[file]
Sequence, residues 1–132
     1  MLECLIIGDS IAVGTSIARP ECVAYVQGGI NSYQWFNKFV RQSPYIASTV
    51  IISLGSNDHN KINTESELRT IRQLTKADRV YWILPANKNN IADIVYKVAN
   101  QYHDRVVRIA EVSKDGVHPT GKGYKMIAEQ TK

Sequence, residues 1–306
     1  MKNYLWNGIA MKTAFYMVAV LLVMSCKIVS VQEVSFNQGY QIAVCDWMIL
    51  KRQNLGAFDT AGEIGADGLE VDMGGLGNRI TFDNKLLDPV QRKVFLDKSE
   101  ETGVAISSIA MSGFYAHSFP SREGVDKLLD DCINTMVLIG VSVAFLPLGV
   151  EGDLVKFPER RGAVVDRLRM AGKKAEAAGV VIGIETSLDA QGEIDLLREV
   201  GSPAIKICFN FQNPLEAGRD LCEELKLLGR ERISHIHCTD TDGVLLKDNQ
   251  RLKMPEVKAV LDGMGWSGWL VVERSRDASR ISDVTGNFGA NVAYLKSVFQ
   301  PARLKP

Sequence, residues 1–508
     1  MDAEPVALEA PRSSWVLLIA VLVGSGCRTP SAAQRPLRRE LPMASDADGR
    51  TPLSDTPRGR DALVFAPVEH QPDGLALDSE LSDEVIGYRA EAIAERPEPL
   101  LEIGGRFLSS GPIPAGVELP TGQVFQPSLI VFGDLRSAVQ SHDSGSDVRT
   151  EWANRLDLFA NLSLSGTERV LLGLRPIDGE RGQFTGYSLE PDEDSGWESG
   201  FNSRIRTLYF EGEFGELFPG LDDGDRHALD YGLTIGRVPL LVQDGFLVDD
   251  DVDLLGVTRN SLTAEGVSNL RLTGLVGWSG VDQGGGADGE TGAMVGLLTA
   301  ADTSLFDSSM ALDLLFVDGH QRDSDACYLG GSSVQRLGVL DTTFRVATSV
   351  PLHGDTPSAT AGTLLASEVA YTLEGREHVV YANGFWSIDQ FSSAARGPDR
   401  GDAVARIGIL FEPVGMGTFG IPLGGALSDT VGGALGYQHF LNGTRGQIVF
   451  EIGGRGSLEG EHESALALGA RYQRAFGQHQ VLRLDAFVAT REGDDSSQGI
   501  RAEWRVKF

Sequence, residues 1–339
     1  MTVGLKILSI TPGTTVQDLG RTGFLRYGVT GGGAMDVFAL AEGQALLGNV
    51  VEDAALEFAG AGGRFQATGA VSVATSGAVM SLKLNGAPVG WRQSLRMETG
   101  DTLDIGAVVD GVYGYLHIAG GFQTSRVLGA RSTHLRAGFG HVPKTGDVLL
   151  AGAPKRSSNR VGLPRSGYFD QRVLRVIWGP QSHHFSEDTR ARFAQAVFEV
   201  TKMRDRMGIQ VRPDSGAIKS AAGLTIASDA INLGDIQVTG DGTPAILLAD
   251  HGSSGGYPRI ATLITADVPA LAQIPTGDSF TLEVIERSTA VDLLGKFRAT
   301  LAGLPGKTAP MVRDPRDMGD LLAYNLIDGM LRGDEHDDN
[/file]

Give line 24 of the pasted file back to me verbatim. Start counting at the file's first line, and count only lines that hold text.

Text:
   501  RAEWRVKF